Early this summer, David Hunt had a conversation with Bill Mazeroski about an upcoming autograph-signing event. Somehow the subject of the 1960 World Series arose and Hunt, the president of Hunt Auctions, asked Mazeroski if he had any memorabilia from Game 7.
"He said, 'I do, I've got the jersey,' " Hunt said. "I'm like, excuse me?"
Mazeroski, who in that seventh game hit the winning home run against the New York Yankees' Ralph Terry at Forbes Field to give the Pirates a championship, will soon sell some of his memorabilia, including that jersey, at auction. The timing stemmed in part from the current Pirates' success, said Hunt, whose eastern Pennsylvania-based company will conduct the auction.
"The renaissance of this team right now, you've got people who obviously didn't see Bill play, but not only that, they don't even know who he is because they haven't won in so long, they haven't cared," Hunt said. "And now they do, so it's neat to reconnect that past, with the McCutchens, with the Mazeroskis."
Before Hunt could proceed with the jersey, which will join the bronzed cleats and bat from Game 7 in addition to hundreds of other items, his company began the two-month process of verifying that the jersey Mazeroski had was indeed the jersey he wore for Game 7. Like crime-scene investigators, they started with the thread work.
Hunt unbuttoned the jersey to compare the stitching holding the letters on the front to that holding the number on the back. It matched, he said, indicating the same seamstress had assembled it. The fabric inside the numbers, held in place by the stitches, was puckered due to repeated washing and drying, which Hunt said was a difficult effect to fake.
Photographic comparison also comprised a large portion of the verification process. Photos from the World Series allowed Hunt Auctions to compare the diagonal stitching on the buttons, the asymmetrical letter 'T' and especially several scattered black threads underlying the yellow stitching, all of which indicated the jersey was the one.
"You get to a preponderance of evidence, forgetting the fact that it originates from the person who hit the home run who should have this uniform," Hunt said. "It just becomes, basically, almost irrefutable."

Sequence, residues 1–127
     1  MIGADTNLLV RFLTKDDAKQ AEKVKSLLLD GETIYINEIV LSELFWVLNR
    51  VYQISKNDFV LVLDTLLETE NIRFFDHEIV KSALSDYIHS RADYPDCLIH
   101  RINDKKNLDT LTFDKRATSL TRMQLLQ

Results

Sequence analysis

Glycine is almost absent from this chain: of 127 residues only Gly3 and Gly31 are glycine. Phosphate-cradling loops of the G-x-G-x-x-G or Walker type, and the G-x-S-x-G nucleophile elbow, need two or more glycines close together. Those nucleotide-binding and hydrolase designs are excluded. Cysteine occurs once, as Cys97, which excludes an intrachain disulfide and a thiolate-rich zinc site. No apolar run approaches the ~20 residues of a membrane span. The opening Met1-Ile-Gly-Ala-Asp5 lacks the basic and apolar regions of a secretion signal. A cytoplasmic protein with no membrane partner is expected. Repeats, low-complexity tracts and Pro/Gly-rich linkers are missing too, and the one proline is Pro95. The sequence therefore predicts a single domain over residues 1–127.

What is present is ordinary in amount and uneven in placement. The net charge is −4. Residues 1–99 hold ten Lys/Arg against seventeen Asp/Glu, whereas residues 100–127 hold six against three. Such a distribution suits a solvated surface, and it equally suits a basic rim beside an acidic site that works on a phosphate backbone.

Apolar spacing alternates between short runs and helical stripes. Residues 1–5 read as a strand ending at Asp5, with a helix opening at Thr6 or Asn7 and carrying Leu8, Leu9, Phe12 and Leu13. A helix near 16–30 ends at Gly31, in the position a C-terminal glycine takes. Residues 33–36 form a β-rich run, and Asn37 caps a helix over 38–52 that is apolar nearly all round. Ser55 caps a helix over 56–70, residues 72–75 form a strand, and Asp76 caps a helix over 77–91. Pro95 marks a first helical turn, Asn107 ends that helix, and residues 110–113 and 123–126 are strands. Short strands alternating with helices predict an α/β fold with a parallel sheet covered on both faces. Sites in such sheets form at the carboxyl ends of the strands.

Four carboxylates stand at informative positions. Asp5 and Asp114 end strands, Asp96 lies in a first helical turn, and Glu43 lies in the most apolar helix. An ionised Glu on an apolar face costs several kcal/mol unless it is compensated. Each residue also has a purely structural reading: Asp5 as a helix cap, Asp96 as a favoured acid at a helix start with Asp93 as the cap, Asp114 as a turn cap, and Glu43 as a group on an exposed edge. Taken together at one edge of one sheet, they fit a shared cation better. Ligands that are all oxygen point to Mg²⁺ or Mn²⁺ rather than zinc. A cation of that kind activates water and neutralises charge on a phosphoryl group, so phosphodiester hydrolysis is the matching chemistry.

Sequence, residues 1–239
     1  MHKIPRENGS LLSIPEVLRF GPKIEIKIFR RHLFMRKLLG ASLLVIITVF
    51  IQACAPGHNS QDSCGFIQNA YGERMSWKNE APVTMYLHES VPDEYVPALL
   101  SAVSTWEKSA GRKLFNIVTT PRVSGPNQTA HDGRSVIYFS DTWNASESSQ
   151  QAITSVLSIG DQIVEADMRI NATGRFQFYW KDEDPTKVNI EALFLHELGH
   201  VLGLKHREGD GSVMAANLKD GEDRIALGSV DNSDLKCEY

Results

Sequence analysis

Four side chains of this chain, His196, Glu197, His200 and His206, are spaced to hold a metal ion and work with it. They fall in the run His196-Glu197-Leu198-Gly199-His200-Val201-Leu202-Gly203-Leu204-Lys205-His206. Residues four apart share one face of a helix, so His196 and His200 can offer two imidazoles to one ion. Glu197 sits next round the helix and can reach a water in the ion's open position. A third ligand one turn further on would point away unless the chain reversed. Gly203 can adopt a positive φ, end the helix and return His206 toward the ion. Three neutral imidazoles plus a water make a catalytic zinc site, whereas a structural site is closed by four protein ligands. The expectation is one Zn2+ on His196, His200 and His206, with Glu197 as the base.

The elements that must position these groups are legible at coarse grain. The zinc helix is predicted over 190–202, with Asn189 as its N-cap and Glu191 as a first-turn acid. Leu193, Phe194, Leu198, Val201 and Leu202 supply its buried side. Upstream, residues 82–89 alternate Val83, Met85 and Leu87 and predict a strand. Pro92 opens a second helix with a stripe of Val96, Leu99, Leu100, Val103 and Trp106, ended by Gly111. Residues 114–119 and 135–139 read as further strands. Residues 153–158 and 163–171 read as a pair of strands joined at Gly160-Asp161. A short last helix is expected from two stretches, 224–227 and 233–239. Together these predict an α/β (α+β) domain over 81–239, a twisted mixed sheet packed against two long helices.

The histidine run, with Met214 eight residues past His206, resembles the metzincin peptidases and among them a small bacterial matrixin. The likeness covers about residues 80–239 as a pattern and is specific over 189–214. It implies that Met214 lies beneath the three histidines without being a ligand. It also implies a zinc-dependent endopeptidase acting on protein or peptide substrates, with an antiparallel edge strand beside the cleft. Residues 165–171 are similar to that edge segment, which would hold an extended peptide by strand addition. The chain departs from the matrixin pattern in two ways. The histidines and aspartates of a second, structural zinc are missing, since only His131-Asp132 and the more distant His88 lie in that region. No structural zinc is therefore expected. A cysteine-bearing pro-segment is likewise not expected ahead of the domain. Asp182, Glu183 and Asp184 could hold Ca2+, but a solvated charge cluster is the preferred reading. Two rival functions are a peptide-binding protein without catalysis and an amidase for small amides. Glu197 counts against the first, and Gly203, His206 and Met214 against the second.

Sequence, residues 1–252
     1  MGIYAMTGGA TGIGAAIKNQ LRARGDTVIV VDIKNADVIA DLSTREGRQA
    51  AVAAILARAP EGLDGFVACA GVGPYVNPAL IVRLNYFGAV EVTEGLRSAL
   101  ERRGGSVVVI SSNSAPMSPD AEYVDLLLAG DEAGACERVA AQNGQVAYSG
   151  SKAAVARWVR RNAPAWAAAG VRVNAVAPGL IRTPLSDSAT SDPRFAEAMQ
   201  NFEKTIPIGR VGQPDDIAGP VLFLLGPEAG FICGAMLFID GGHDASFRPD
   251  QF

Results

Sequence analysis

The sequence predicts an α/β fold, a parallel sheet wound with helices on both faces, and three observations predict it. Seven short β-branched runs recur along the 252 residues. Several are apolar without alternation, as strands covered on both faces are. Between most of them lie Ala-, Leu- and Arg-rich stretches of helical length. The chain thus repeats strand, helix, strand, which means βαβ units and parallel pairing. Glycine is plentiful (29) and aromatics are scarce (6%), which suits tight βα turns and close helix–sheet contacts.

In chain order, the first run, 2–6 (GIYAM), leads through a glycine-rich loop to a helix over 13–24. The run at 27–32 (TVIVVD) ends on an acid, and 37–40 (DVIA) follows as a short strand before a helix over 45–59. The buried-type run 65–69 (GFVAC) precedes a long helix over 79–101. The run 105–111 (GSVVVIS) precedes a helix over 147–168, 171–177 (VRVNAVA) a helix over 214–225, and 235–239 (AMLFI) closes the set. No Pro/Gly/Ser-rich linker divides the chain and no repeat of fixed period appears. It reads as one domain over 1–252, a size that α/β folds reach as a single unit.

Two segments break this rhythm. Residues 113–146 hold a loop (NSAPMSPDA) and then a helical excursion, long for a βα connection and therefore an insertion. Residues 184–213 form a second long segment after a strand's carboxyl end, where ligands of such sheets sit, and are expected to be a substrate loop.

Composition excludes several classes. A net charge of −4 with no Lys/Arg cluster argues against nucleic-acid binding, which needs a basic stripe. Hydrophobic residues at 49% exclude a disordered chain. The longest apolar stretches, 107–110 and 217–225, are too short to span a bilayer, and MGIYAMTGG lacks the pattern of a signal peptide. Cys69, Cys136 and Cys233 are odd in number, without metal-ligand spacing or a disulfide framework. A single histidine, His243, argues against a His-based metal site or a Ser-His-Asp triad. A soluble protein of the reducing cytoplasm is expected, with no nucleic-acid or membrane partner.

Another telltale sign: The yellowish stains down the front of the jersey from the champagne dumped on Mazeroski's head, which Hunt said matched a picture of the dousing.
Throw in the washing instructions, the script "Mazeroski" on the lower left-hand side, and it all fit.
For an extra measure of insurance, Hunt said, he sent the jersey to Memorabilia Evaluation and Research Services, a third-party authentication service. The jersey received a grade of 10 out of 10, the highest possible standard of authenticity.
Mitch Antin, an orthopedic surgeon at UPMC according to the company's website, told the Pittsburgh Post-Gazette in 2010 that he had Mazeroski's Game 7 jersey, and that Mazeroski signed it "Uniform Worn By Me in 7th Game of 1960 World Series -- Bill Mazeroski" at an autograph show.
Antin did not reply to messages seeking comment.
The auction, which takes place Nov. 9 at the Louisville Slugger museum and factory in Louisville, Ky., also contains a rare bat from Mazeroski's collection that belonged to Roberto Clemente, inscribed "Momen Clemente" on the barrel.
As a kid, Hunt said, Clemente frequently used the phrase "un momento," or "one moment," earning the nickname "Momen," which eventually appeared on his bats.
"Then he went into a hitting slump and he said, forget this, I'm going to use Roberto, and had his bat stamped Roberto," Hunt said. "But they didn't do many of the Momens, so they're much rarer."
In the second game of a doubleheader June 28, 1970, Chicago Cubs leadoff hitter Don Kessinger grounded out to Mazeroski at second base. That was the final out recorded at Forbes Field.
After a 14-game road trip, the Pirates returned to Pittsburgh and began play in Three Rivers Stadium. The ball put in play for that final out of the old ballpark is among those of Mazeroski's items in the auction.
"It's pretty uncommon," Hunt said. "To have a final out ball from the history of a stadium is pretty unusual."
Mazeroski kept his World Series rings, along with some of his gloves and bats. He will donate some of the proceeds, which are expected to reach into the high six figures, to Pirates Charities.
Post-Gazette sports writer Jenn Menendez contributed. Bill Brink: firstname.lastname@example.org and Twitter @BrinkPG.